Tapioca flour is found in a number of gluten-free baking recipes.
This is because gluten helps bind the ingredients together in baking. Tapioca flour mimics the binding ability of gluten and can prevent a gluten-free casserole from becoming dry and crumbly.
When combined with another starch in a gluten-free flour mix, tapioca flour can give baked goods a light, airy, and chewy texture without losing their crispness. However, too much tapioca flour can cause a baked good to become thick and rubbery.
Baked recipes rarely contain tapioca flour alone. Here are some other options:
All-purpose flour can be an effective alternative to flour mixes that include tapioca flour in baking. However, because it contains gluten, it is unsuitable for gluten-free recipes.
Find out how to find out if someone has a wheat allergy here.
Chestnut flour comes from dried, roasted and ground chestnuts. It can replace tapioca flour in a gluten-free baking recipe.
Chestnut flour is a healthy alternative to tapioca flour because it’s high in protein, fiber, and antioxidants.
Chestnut flour can also give the casserole a slightly nutty, earthy taste.
Rice flour is a great alternative to tapioca flour in baking. It offers a mild rice flavor for baking and is gluten free.
Rice flour is a common ingredient in rice noodle recipes and some pancakes.
Find out more about egg substitutes for baking here.
A ketogenic diet or keto diet is low in carbohydrates and high in fat.
The main goal of a keto diet is for a person to consume more calories from fat than from carbohydrates.
Some studies suggest that even though it is high in fat, a keto diet can help a person lose weight.
Some health professionals believe that keto diets are beneficial in fighting diabetes, cancer, and epilepsy.
There are a number of low-carb flours that are suitable for a keto diet, including:
When making almond flour, blanched, sweet almonds are ground in a food processor. A person can also buy it from a supermarket or health food store.
Almond flour is gluten-free, high in protein, and a good keto-friendly alternative to tapioca flour.
Almond flour works well in baking, especially in pancakes, cookies, brownies, and puddings.
It can also act as a thickener in sauces. However, it is important that a person use very finely ground almond flour for thickening. Store-bought almond flour can work best for this reason. If it’s not fine enough, almond flour can add an undesirable texture to a sauce.
Chia seed flour
Chia seed flour consists of very finely ground chia seeds. It’s gluten-free and contains omega-3 fatty acids, which offer a number of health benefits. It also contains fiber, proteins, vitamins, and some minerals.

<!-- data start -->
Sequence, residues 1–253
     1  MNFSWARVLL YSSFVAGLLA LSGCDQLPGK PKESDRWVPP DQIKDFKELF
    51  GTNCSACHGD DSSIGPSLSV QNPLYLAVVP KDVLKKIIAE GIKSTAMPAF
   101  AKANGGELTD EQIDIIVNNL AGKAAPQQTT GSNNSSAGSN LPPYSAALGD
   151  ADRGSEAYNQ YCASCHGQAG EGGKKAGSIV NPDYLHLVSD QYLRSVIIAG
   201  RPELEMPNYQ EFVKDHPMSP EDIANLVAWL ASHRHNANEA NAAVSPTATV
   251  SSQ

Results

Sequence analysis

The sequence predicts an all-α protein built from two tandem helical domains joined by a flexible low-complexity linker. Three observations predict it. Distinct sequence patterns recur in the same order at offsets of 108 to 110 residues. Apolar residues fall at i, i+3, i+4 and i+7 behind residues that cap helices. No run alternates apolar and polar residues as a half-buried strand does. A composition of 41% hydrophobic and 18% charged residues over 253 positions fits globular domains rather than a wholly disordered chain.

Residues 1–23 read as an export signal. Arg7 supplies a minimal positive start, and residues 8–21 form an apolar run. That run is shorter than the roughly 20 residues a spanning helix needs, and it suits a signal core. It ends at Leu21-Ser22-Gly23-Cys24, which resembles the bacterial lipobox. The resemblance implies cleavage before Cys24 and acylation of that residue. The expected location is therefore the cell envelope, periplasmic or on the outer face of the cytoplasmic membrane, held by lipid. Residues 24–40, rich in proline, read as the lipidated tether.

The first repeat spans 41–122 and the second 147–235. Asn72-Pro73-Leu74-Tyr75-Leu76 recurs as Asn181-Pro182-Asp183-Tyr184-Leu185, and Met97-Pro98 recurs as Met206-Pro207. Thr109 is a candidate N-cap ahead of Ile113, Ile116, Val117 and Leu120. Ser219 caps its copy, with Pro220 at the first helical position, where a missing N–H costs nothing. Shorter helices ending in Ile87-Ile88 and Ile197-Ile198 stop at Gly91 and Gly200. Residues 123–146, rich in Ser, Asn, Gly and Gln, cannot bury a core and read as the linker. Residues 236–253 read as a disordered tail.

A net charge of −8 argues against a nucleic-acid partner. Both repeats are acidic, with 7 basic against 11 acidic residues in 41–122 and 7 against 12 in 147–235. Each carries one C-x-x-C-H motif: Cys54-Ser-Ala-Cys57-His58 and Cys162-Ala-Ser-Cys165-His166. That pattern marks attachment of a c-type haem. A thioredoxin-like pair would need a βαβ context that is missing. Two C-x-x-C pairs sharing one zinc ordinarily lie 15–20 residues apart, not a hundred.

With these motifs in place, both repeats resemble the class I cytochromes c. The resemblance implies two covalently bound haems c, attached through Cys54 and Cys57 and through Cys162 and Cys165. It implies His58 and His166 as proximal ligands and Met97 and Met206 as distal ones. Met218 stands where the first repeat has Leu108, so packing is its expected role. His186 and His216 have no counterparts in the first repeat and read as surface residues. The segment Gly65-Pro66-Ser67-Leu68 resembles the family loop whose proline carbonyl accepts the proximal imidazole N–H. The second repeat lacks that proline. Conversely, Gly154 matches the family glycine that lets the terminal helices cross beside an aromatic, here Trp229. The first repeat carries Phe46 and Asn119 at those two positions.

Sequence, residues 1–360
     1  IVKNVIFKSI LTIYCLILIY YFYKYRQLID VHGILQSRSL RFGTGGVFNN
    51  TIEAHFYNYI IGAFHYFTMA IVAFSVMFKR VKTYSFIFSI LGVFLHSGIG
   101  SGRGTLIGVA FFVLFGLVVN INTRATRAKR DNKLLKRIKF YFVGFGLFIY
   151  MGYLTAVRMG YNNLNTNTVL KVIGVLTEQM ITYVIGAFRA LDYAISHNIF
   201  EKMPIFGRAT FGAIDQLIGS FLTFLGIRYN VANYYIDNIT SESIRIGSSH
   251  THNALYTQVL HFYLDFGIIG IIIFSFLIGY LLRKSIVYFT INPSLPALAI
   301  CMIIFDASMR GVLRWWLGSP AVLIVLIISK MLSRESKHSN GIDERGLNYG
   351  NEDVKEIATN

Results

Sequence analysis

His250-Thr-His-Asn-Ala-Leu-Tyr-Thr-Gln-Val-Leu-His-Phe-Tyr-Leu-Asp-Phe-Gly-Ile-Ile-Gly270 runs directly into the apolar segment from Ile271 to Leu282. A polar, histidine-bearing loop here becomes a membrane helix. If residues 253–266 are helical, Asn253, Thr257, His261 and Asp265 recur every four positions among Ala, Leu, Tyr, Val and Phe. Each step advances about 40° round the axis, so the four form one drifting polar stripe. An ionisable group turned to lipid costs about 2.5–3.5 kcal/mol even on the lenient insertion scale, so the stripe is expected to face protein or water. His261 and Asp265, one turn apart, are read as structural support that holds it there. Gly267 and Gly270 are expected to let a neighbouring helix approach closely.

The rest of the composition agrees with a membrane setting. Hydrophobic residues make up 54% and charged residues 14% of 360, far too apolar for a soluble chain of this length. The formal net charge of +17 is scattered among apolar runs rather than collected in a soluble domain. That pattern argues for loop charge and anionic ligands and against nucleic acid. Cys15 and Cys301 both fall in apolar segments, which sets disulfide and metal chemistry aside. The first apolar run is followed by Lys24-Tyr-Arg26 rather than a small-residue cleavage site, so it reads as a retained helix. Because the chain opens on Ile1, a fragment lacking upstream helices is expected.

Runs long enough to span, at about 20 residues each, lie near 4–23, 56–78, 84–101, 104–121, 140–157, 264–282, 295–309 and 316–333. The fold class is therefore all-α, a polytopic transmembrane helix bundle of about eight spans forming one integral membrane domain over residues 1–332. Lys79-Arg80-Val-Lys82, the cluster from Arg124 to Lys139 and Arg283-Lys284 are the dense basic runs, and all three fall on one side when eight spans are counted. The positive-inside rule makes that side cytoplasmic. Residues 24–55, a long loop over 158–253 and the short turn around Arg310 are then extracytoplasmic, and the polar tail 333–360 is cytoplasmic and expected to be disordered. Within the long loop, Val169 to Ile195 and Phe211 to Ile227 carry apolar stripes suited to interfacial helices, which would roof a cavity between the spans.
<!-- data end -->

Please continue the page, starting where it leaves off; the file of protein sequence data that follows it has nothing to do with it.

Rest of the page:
Chia seed flour is effective for thickening sauces and makes a good coating for fish, meat or vegetables before frying. It can also be used in a number of gluten-free baking recipes.
This makes chia seed flour a powerful keto-friendly alternative to tapioca flour.
Chickpea flour consists of finely ground chickpeas. Chickpeas are low in carbohydrates, making them a good keto-friendly alternative to tapioca flour. They also have a number of health benefits and are high in protein, fat, vitamins, and fiber.
Similar to tapioca flour, chickpea flour is good for gluten-free baking when combined with other flours. It is effective in recipes for quick flatbreads, wraps, muffins, and cakes.
Chickpea flour is also effective in recipes that require frying and thickening.
Other good keto-friendly alternatives to tapioca flour include hazelnut flour, psyllium husk, coconut flour, and flaxseed flour.
Find out more about bread alternatives for keto or low-carbohydrate diets here.
Tapioca flour is found in a number of recipes and has a variety of uses in both cooking and baking.
Tapioca flour is an effective thickener for sauces, a useful addition to gluten-free baking, and also works well as a coating before frying.
There are a number of effective substitutes for tapioca flour.
Alternative thickeners include corn starch, potato starch, cassava flour, and arrowroot. Corn starch, potato starch and rice flour are good substitutes for frying. Alternatives in baking include rice flour, chestnut flour, and all-purpose flour. Keto-friendly substitutes include almond flour, chia seed flour, psyllium husk powder, hazelnut flour, coconut flour, and flaxseed flour.